Cather began to establish a reputation as a young woman who enjoyed reading (Dumas and Tolstoy especially), who was bright and sociable (though she would later reverse this tendency, seeking more privacy as her fame increased), and yet chose to cut her hair very short, refused to wear skirts or dresses, and sometimes signed her name “William.” She expressed herself frequently through drama, performing in amateur theatre in Red Cloud with the Miner children. She also wrote for the local paper. She finished high school at sixteen, and entered the University of Nebraska in 1890, in Lincoln. Lincoln was considerably larger and busier than Red Cloud, and Cather took advantage of the bustle to find employment as a journalist. She was a diligent student, known for her strong opinions and her willingness to express them. She paid much of her own way through school as a journalist, and she graduated in 1895 with her reputation as a journalist well-established. During this period, she was able to meet well-known writers and political figures such as Stephen Crane and William Jennings Bryan.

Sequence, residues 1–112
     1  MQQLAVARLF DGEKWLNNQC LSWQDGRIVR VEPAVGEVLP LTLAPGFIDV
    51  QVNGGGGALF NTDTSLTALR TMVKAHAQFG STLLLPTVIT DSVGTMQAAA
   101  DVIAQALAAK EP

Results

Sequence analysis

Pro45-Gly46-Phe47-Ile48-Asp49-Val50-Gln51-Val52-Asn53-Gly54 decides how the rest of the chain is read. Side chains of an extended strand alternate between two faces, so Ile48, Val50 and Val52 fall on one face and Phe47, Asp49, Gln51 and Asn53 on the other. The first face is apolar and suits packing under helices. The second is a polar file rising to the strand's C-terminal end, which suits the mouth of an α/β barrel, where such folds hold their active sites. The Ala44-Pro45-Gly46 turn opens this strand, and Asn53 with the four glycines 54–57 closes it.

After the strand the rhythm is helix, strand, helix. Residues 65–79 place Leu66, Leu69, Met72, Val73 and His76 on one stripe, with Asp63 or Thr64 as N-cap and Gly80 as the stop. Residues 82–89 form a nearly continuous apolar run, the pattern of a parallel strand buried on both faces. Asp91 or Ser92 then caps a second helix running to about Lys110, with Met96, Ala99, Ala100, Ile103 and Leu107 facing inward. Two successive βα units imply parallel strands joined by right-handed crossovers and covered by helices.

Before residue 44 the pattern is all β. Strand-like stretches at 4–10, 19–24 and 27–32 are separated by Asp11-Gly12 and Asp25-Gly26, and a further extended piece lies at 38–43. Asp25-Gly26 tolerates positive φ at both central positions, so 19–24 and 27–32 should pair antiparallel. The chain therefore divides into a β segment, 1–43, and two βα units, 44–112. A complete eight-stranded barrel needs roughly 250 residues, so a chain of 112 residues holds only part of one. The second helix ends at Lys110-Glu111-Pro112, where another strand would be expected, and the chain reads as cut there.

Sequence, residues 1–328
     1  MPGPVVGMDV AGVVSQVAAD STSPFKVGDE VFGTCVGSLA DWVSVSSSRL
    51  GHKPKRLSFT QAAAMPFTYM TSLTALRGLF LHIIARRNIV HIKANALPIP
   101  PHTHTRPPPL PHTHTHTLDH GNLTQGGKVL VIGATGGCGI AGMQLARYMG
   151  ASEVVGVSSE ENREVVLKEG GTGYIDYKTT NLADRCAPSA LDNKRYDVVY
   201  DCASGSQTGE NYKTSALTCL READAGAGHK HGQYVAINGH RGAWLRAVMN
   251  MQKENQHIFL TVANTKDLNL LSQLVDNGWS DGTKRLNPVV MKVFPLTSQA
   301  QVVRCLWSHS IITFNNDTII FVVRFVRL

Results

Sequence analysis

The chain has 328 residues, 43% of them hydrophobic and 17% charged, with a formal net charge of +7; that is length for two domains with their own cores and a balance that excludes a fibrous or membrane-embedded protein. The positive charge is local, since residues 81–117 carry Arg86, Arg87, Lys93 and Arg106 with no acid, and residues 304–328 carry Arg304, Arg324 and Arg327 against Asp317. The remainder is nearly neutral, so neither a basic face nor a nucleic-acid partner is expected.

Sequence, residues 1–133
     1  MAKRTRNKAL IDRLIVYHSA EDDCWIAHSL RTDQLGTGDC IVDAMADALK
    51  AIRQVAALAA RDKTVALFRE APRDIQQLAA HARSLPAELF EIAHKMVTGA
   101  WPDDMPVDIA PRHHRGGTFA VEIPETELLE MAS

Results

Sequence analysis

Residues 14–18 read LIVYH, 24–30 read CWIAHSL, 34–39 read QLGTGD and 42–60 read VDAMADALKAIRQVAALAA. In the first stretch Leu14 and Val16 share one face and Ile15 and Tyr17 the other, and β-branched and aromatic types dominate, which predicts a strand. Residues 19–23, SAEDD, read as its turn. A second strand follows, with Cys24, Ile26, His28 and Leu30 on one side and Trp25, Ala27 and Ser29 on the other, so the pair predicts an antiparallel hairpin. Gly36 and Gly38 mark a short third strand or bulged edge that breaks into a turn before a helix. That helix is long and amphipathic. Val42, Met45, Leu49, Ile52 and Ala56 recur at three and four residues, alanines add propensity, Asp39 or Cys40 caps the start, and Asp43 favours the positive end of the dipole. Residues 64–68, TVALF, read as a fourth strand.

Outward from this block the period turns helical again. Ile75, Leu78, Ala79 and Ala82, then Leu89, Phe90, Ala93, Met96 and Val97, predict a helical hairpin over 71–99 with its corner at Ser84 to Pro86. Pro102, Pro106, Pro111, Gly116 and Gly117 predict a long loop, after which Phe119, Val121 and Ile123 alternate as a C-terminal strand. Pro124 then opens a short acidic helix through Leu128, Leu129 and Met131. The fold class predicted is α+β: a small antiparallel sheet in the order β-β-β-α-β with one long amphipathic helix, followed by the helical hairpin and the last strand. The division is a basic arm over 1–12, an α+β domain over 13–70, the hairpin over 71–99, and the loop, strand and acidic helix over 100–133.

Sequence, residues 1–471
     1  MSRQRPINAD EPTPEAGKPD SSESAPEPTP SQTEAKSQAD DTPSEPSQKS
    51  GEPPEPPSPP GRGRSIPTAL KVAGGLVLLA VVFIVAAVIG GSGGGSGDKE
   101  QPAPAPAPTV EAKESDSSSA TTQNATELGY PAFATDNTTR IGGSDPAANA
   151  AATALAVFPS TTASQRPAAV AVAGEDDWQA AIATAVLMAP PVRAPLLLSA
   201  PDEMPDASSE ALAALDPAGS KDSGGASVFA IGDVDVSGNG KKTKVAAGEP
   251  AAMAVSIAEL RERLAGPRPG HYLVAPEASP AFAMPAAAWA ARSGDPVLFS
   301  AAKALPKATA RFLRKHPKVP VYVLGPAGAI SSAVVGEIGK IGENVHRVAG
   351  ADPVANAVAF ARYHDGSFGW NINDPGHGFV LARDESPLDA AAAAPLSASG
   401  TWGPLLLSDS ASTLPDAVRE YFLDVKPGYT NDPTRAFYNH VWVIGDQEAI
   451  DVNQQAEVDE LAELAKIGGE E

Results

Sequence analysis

After graduation, Cather supported herself as a freelance journalist, splitting her time between Red Cloud and Lincoln, but was unable to secure full-time work as a writer or as a teacher. She began experimenting as a fiction writer, emulating some of Hamlin Garland’s work, and criticizing the realistic work of people like William Dean Howells. One of her greatest heroes as a writer, though, was Henry James, a writer whose early work had been along the lines of realism, but who seemed to be moving toward something else in his later work. Through a friend, she was offered the position of editor of a women’s magazine in Pittsburgh. It was a breakthrough for Cather, and she would eventually come to dominate the magazine, Home Monthly, contributing her own fiction, articles, and reviews. She also wrote part-time for the largest local newspaper, the Pittsburgh Leader. At the time, Pittsburgh was a part of the burgeoning steel industry in the United States, and the beneficence of Andrew Carnegie furnished the city with numerous arts and cultural attractions. She left the editorship at the magazine after a year to take a better-paying position as telegraph editor at the Leader. She also made an important friend in Pittsburg, Isabelle McClung, who she met in 1899. Some scholars have speculated that McClung and Cather were lovers, though Cather burned their correspondence. Cather left the newspaper in 1900, moved into the McClung household, and took a position teaching high school. She taught both Latin and English Composition for six years. She managed to save enough money as a teacher and writer to visit Europe for the first time in 1902. McClung accompanied her.